The garden headline in our local paper today read “Mystery of missing wasp nests.” How intriguing. Mary Ann K of Walnut creek wrote to the columnist, and had this to say:
“Wasps have been building a nest under the eaves just outside our sliding glass door to the patio They were not aggressive, and we were able to freely enter and exit, being careful to close the screen door. The nest grew to about the size of a tennis ball . The other morning when I checked, it was gone.
We searched the patio and garden and found nothing. Who stole the nest?”
Joan Morris, columnist for the Bay Area News Group, says that a number of creatures like to dine on wasp nests! I didn’t know that. Apparently birds will peck at the nest to retrieve the larva, eventually knocking it to the ground. Opossums also enjoy snacking on the nest itself, and can easily climb to retrieve it.
I checked on our little hive this morning to be sure all was well. The wasps are quiet and passive, so it’s easy to forget they’re still there. When they built the nest this summer, it concerned me to see it so close to our back door. After educating myself on the nature of these creatures, I decided to leave the wasps alone. Now I feel like the protective mother, looking out for her babies in the nest. Are you as fascinated as I am, or a little creeped out (like my husband).? The more I understand them, the more interesting they become.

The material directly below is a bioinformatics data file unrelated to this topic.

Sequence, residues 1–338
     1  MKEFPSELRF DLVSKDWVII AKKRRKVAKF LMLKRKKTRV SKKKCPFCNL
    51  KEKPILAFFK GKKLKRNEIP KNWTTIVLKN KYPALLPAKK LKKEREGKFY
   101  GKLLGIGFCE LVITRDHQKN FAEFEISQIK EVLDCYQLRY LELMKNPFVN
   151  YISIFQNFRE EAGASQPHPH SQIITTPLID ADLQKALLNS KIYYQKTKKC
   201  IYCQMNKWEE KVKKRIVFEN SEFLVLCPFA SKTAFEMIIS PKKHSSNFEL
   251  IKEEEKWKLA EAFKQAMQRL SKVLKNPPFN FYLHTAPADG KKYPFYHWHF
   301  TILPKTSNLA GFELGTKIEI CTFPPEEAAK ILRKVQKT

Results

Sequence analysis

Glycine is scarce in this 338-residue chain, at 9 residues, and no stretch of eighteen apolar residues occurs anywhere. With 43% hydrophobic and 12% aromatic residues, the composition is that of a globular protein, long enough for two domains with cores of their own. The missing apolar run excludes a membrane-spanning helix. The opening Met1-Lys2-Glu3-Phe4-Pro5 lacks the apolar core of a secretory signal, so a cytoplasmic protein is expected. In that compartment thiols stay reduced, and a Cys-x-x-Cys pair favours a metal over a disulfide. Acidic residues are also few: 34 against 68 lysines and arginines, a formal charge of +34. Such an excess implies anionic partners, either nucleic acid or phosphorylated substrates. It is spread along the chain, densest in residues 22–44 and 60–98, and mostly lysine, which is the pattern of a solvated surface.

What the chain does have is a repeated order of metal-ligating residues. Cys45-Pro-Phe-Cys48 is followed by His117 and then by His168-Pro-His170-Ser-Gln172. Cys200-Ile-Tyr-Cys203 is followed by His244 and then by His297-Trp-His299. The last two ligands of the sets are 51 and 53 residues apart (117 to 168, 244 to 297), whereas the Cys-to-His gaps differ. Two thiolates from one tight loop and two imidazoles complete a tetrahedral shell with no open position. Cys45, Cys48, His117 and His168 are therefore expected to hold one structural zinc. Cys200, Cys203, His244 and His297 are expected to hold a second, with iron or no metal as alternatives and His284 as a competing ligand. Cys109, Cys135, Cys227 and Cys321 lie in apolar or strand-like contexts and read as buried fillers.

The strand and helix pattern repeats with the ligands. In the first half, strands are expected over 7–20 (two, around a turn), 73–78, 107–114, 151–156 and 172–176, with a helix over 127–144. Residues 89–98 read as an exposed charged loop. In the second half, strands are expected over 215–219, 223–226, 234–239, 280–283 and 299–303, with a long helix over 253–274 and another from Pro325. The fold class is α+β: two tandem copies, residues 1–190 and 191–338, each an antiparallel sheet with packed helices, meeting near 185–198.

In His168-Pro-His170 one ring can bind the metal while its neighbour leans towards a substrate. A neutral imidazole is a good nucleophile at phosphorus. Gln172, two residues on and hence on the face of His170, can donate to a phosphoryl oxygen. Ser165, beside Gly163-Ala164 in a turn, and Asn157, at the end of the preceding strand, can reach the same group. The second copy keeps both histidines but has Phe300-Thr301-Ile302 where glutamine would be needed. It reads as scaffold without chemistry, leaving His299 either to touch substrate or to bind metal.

- Mystery of missing wasp nests, by Joan Morris
- Wasps Nest Under the Eaves
- More about wasps from National Geographic.
- Leaving the nest: a perspective from Purdue University Plant and Pest Diagnostic Lab.